Friday, May 20, 2016

How to make a spline jig for the table saw.

I wanted to make a jig for making splines. I want to use splines to reinforce 45 degree mitered joints that are usually end grain to end grain. This technique is really useful especially in making picture frames and boxes. 

I used a scrap piece of 20mm thick plywood. The jig will be fitted on my table saw’s fence. I made my measurements using a caliper and cut all my pieces to size.

For the cross cuts, I used my cross cut sled and stop blocks when needed.

I glued and screwed the pieces of my jig’s base. I predrilled and countersinked all the holes on my drill press.

I used a compass and a 90 degree square to find the center of my base. I then used the 90 degree corner of a triangle as a guide to glue and screw two stop blocks. I used a handsaw to trim the edges flush with the jig’s base.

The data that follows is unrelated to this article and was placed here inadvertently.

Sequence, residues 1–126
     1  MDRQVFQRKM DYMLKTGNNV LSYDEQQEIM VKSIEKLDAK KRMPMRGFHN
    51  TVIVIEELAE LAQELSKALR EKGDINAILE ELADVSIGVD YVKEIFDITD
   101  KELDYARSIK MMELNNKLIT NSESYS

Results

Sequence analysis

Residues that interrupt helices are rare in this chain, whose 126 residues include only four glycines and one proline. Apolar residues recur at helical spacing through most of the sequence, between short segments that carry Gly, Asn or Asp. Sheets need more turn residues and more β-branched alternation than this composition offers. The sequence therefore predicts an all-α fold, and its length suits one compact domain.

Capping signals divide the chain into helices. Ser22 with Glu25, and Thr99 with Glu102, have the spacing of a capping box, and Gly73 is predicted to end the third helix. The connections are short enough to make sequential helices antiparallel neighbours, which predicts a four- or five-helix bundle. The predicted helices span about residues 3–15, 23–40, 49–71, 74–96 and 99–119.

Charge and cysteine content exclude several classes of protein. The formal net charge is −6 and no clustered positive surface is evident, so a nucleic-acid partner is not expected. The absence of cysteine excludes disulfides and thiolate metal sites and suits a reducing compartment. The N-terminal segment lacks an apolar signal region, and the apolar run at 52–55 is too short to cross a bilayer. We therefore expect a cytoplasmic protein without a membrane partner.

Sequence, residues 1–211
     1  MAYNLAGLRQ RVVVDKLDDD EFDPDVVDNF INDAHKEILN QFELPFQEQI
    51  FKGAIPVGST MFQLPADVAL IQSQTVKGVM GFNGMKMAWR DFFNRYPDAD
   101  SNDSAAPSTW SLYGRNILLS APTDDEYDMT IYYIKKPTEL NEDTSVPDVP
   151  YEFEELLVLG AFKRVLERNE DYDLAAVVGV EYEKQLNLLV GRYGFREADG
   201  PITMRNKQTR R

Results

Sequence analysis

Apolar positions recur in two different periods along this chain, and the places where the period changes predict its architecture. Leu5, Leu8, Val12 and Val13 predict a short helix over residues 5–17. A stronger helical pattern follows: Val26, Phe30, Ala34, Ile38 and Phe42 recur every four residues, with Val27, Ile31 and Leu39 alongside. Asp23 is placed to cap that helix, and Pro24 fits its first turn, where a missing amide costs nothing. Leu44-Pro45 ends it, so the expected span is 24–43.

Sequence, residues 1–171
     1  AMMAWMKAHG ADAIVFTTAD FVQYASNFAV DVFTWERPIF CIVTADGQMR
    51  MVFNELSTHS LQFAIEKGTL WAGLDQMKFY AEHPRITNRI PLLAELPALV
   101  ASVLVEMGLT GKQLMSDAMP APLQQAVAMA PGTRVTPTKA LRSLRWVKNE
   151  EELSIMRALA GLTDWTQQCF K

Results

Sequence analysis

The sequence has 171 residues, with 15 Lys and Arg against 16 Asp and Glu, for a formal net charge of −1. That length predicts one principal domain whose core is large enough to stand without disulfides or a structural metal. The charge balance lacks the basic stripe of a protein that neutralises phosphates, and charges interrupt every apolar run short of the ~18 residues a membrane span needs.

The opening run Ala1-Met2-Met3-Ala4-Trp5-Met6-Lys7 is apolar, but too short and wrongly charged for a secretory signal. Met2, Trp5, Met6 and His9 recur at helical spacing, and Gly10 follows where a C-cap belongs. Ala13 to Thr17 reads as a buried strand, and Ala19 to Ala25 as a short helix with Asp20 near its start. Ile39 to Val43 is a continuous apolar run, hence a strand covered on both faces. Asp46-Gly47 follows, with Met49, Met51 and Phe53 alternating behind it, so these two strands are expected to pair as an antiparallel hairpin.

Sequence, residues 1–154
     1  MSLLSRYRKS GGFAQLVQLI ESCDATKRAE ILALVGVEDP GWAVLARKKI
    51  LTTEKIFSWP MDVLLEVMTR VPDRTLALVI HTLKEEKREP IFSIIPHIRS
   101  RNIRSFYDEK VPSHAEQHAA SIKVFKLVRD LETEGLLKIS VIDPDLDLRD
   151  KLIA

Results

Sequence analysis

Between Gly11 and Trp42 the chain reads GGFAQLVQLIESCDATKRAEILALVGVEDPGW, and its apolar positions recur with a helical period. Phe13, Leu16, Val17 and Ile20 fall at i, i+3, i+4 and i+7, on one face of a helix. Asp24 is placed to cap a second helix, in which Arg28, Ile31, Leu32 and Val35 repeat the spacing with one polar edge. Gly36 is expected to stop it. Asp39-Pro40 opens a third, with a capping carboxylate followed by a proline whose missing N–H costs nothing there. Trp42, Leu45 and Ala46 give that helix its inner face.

Now, I was ready for a test. I made a wooden corner and clamped it on my jig. I adjusted the table saw’s fence and made my first cut. I then flipped the piece over and made another cut.

I used a caliper to find the width of my cut and cut a piece of spline on my bandsaw. The spline was a bit snug. So i clamped my block plane upside down on my vise and planed the thin spline down to the width that I wanted.

I applied glue to my joint and added the splines. After the glue was a bit dry, I used my flush trim saw to cut the splines flush. I then used a sanding block to finish my joint.

I hope you find this jig useful.

Off course many people have made jigs like that. Check out a few of them here:

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